"He's a notorious slow starter," Cutrona said. "Sometimes it takes him five to 10 minutes to get on the ball and do something. [Lionel] Messi is like that. Miguel feels out his environment and then you see what he can do."

In games Ramirez tries to get Ibarra the ball right away to provide a spark.

"Sometimes if the game is not coming to him, he won't go find it," Ramirez said. "And if he's not finding it, he'll be quiet and other teams will be like, 'Where was Miguel?' But all it takes is one play for him to impact a game."

Klinsmann said, "With every camp, you could see him growing and taking people on. From the first time until now, he's grown tremendously. He's a curious kid who wants to learn, grow and see where his highest level is."

Said Ibarra: "At my last camp, Jurgen said, 'OK, now we're starting to see the Miguel Ibarra that plays for Minnesota United.' Once I get comfortable, I go."

Better managed than coached

Ibarra's technical abilities, his touch on the ball, his passing and finishing skills, are strong. But he always has been a man apart tactically, that is, the way he employs those considerable skills within a team concept.

Cutrona said he challenged Ibarra to "think before he moved" rather than "just kicking the ball to him and seeing what happens." He was named the Central Valley Conference most valuable player.

George Kuntz, Ibarra's coach at UC-Irvine, took a different approach.

"I managed Miguel through college, I didn't coach him," Kuntz said. "We gave him a lot of freedom to go forward and attack."

As a senior, Ibarra was named to the All-Big West first team and earned conference co-offensive player of the year honors.

"All the coaches I've had have done the same at first, they try to coach me, and I listen, but I find myself all over the place," Ibarra said. "It's just kind of natural. Coaches put me at forward or wherever and I'm just all over the field. At first when I came in here, Manny [Lagos] tried to coach me. But then he said, 'You know what? Just play your game. You're better when you just play your game.' "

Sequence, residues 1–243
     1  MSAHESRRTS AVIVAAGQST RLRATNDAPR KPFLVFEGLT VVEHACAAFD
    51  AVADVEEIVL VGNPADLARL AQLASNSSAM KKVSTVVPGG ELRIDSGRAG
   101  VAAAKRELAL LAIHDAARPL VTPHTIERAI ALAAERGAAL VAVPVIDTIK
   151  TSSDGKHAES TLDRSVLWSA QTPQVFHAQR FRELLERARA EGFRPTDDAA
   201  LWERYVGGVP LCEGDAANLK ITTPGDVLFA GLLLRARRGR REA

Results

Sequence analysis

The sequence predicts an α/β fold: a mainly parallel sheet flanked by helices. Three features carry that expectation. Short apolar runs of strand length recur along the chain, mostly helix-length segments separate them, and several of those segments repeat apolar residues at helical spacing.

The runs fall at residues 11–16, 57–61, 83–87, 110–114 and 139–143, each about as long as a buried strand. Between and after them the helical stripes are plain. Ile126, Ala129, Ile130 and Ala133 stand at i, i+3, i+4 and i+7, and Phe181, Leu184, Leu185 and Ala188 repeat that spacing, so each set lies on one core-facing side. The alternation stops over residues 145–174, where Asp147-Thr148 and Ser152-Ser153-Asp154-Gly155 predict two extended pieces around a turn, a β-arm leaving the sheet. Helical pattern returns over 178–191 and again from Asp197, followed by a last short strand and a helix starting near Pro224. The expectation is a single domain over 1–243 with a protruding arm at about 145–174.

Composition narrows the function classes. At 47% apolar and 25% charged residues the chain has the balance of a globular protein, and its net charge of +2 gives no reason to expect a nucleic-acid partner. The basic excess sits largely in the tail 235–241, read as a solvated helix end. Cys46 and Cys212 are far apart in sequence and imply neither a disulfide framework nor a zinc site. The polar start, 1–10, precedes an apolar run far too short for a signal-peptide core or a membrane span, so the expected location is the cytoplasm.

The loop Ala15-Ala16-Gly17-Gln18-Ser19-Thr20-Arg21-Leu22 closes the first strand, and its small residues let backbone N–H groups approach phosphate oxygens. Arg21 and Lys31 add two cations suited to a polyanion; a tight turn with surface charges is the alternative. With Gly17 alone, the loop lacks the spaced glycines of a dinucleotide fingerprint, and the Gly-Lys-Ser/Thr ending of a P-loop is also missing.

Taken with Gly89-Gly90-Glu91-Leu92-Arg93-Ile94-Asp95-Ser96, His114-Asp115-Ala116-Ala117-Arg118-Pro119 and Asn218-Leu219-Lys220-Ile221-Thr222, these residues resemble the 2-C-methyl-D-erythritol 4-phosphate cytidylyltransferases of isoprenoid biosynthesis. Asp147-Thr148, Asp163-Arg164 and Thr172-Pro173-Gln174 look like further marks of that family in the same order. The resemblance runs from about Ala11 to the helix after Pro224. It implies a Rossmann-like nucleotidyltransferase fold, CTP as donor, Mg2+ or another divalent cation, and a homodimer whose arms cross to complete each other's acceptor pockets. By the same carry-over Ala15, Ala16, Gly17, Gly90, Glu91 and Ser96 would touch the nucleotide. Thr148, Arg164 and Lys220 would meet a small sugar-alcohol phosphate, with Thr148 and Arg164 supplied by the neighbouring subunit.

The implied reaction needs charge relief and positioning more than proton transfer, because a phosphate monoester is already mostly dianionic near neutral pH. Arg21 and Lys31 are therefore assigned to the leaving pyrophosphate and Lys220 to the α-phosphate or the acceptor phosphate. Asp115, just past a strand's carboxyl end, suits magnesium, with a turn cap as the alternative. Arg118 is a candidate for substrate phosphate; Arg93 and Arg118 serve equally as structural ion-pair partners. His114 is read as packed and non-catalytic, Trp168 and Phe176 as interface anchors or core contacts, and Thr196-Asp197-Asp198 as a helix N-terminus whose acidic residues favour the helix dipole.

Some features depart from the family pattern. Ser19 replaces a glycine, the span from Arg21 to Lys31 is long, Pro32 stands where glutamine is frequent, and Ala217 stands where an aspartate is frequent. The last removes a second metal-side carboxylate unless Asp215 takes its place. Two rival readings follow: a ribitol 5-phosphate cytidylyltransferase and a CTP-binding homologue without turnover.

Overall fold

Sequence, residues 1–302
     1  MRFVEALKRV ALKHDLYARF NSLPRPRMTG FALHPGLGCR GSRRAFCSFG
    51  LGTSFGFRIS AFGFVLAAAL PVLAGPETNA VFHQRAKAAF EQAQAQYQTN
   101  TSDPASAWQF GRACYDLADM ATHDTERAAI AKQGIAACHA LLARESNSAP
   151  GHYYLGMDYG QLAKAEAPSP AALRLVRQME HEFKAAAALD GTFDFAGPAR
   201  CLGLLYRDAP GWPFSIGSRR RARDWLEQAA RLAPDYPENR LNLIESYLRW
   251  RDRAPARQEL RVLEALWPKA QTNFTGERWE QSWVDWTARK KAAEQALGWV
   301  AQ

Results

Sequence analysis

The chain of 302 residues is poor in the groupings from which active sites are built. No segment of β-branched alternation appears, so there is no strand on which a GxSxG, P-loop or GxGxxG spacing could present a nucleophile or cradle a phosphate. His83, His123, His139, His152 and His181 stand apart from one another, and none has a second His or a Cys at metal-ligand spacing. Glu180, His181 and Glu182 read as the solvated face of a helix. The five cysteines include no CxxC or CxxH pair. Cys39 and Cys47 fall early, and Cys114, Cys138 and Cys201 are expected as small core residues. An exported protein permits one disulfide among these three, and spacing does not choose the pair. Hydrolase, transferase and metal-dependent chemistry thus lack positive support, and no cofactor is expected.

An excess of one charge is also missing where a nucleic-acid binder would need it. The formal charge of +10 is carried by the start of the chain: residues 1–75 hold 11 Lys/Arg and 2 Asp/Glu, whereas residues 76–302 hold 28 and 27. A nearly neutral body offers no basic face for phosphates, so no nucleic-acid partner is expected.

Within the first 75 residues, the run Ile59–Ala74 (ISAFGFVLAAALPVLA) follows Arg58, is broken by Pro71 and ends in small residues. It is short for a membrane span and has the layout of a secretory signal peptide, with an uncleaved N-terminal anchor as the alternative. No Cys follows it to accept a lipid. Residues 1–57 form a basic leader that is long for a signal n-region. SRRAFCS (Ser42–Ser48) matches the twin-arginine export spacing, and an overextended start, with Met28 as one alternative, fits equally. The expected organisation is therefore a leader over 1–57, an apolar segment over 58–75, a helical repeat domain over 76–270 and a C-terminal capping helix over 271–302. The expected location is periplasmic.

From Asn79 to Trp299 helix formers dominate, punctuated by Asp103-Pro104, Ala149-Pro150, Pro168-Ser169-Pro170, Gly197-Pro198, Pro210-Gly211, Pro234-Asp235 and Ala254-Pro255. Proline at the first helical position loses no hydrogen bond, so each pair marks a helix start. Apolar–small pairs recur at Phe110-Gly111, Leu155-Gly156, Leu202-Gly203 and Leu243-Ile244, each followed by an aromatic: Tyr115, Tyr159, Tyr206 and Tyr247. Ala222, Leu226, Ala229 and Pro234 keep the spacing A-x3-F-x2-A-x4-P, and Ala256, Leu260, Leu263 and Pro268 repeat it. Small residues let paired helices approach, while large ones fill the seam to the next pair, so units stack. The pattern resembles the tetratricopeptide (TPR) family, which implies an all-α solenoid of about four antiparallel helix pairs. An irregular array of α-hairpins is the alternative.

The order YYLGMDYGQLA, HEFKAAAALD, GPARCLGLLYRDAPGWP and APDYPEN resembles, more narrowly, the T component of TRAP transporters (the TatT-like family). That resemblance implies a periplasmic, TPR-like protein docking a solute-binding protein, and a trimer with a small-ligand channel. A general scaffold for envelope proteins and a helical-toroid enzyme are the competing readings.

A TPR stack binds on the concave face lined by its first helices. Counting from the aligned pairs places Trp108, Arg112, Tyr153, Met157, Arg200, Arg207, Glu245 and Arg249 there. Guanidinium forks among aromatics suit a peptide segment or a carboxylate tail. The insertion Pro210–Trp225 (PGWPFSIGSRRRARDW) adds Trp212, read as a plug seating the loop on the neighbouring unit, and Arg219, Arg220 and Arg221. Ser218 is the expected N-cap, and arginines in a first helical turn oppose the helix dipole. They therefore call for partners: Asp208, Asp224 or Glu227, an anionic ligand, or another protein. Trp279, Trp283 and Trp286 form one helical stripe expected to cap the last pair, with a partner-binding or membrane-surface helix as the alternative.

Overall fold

Not that Lagos is more consultant than coach. In 2013 he helped Ibarra turn an early-season slump into NASL Best XI honors.

"Part of coaching at this level is a little bit of both," Lagos said. "If I'm being honest, Miguel has had to be managed, in a good way. Ultimately, it has to be within the context of what the team is doing. He's really embraced that and I don't think it's a coincidence his goals and assists have gone up because of it."

MLS star in Minnesota?

His profile heightened by national team call-ups and league MVP honors, Ibarra could find other leagues vying for his services. He is under contract for an undisclosed amount of money, believed to be approaching $100,000, though any team could buy him out plus a transfer fee.

"There are definitely a lot of teams interested," Ibarra said. "I talked to Jurgen about it, too. He said, 'The teams all know your situation so if they want you, they will talk to Minnesota. But if not, I have no problem. You can stay in the NASL and keep playing how you're playing. That's not going to change my decision to call you or not.' "

Another reason Ibarra might not need to go to MLS is that the league might come to him. Minnesota United FC was named an expansion franchise, pending a stadium deal, that could start play in 2017.

"That's definitely something I've been thinking about and considering," Ibarra said. "As of right now I'm just more focused on this season. But it would be great to be here with Minnesota, with the team that opened its doors to me, and keep going with them. It would be amazing."

http://www.startribune.com/miguel-ibarra-face-of-the-united-franchise/305586711/